By Jeff Clemetson | Editor
On June 6, the city of San Diego held a workshop for the future river park at the Town and Country Resort & Convention Center where tentative designs were revealed and input from the public was encouraged.
The future park is part of a complete overhaul of the dated resort, which will also include housing, a parking garage and a makeover of the hotel. The park will be 4.33 acres along 7.71 acres of restored river habitat, much of it replacing current asphalt parking areas, and it will be situated on both sides of the pedestrian bridge that currently connects the Town and Country property to the Fashion Valley Transit Center and the mall.
“Today, where the location of the public park is, it’s a heavily-urbanized, certainly degraded environment, so we’re taking that and really converting it into something that looks like Mission Valley’s Central Park,” said Todd Majcher, vice president of Lowe Enterprises, which is the lead developer on the the Town and Country project.
Principal designer Richard Barrett shared three potential design concepts, each based on separate themes. The final design, he said, may end up being a mix of some or all of them, or even contain new ones brought forth by the public.
The first concept incorporated the theme of “agricultural valley” — a nod to Mission Valley’s agrarian past.
“For over 200 years, Mission Valley was agricultural; from mid-1700s and before during Native American use of the valley, through European development and up to the 1940s,” Barrett said.
This concept includes amenities like shade structures and pavers designed to resemble crop fields. Some areas would include things like slews for children to play with and core tin walls for sitting.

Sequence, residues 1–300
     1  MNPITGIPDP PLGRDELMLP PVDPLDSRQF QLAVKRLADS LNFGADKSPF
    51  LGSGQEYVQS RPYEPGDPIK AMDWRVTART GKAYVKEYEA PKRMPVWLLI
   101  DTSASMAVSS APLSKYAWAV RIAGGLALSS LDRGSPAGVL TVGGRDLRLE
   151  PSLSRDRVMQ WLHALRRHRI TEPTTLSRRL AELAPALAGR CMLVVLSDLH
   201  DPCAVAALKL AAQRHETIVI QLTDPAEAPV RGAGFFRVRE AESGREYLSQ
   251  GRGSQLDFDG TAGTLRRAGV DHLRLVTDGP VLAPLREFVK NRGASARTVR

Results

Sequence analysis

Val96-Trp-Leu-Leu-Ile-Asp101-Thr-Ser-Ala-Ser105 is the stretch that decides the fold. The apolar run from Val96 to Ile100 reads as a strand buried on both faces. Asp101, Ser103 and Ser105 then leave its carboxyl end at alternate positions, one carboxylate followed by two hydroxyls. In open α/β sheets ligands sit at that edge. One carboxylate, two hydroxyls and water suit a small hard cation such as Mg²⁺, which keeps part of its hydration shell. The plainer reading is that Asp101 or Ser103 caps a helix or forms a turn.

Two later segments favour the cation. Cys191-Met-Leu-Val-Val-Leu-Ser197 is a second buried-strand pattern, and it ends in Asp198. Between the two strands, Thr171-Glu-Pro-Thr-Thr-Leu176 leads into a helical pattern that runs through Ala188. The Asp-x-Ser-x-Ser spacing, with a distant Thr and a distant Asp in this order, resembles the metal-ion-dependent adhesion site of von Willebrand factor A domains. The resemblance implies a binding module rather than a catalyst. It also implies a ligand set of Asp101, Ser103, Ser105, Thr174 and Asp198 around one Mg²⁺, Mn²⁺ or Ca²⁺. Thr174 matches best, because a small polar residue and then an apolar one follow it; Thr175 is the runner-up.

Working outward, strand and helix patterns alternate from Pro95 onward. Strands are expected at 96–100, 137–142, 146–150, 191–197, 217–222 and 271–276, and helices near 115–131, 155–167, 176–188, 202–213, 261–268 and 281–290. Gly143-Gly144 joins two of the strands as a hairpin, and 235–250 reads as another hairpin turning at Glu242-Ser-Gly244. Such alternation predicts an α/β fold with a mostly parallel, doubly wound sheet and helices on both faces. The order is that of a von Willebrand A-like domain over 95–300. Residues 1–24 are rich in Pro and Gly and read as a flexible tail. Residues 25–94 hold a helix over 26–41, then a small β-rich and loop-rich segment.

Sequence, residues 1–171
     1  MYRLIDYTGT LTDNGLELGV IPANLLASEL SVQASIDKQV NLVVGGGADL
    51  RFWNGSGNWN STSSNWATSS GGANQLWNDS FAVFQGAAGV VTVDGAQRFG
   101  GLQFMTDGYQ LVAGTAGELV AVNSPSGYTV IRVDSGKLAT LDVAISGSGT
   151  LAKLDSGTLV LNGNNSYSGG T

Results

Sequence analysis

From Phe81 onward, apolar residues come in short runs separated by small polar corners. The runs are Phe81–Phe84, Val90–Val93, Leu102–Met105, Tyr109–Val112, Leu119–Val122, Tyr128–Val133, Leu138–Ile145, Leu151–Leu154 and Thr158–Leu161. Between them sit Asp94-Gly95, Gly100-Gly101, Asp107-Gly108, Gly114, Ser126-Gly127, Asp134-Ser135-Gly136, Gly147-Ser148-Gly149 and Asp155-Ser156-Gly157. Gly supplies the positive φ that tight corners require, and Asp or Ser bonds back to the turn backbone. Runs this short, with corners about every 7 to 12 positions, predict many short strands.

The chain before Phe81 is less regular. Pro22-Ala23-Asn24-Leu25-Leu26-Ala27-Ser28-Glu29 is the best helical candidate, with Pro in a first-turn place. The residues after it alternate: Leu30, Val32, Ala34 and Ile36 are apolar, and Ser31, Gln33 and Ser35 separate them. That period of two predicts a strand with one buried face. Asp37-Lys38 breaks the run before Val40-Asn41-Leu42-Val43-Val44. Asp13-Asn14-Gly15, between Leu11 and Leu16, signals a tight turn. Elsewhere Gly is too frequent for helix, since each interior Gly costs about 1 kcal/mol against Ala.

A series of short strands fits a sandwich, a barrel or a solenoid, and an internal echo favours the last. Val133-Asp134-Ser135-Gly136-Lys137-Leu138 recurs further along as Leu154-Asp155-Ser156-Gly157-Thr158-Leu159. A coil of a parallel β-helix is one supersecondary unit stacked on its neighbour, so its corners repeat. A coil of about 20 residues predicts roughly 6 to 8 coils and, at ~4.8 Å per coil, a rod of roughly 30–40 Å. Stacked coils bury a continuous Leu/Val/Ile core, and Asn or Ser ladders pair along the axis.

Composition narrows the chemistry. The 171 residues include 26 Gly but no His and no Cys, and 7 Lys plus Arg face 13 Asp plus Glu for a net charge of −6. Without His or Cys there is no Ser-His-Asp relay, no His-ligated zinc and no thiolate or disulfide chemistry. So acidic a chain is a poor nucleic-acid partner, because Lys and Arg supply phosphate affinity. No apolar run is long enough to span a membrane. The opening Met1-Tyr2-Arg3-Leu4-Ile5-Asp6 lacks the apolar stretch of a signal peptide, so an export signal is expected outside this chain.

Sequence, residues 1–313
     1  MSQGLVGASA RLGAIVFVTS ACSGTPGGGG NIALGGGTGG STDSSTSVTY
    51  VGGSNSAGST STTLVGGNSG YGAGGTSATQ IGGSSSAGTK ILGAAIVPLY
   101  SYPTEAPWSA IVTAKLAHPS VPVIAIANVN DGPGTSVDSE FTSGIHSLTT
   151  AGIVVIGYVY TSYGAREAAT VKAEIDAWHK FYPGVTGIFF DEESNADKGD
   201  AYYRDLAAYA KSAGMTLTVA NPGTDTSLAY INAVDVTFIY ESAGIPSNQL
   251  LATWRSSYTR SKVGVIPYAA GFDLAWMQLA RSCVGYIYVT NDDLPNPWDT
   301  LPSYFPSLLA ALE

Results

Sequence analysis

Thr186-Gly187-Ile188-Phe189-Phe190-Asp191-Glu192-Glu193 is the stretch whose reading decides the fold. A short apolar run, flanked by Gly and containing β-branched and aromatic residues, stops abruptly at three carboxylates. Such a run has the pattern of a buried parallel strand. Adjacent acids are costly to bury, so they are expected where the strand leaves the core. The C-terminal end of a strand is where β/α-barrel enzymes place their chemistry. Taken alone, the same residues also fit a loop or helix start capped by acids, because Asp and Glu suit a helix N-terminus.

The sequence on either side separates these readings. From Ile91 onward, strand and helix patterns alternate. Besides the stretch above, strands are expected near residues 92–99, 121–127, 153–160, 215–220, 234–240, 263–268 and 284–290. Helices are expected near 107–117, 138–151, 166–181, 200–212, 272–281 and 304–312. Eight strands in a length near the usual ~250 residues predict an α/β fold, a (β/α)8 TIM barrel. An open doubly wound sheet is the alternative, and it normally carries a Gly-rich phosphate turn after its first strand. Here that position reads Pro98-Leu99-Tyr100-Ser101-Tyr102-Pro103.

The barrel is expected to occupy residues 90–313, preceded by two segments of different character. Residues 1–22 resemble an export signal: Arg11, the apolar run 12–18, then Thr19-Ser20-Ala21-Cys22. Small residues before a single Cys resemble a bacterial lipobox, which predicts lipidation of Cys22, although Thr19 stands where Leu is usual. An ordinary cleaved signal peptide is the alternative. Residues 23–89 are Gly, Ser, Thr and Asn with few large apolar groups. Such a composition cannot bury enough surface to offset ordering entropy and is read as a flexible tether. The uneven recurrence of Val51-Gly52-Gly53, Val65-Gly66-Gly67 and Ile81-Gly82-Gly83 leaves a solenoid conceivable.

The “upside down river” concept highlights the natural features of the San Diego River, which is deep in some area, shallow in others and subject to flooding as it winds down to the ocean. Design elements include concrete “lily pads,” walls that mimic the river geology, and curving benches that imitate the serpentine shape of the river.
The third design is based on urban flooding. Barrett said the conversion of natural open space to impervious surfaces has brought flooding and this design conveys the impacts of that urbanization on the river. The design includes debris motifs and incorporates reclaimed materials.
“What do you see after flooding? Lots of debris, logs that are piled up; you go out there today and you can still see remnants of the flooding in January,” Barrett said.
All three concepts would also incorporate art, as well as signage to help tell the story of the design concepts.
These are only tentative designs, Majcher said, and the final will likely be a mix of the best ideas from all three. As of now, nothing is set, not even the park’s name.
“It shouldn’t be called Town and Country Park,” he said. “[The name] should be tied to something contextual to match the design.”
Majcher said the next chance for the public to view the progress on the park design will “probably” be at the Aug. 3 meeting of the Mission Valley Planning Group.
—Reach Jeff Clemetson at firstname.lastname@example.org.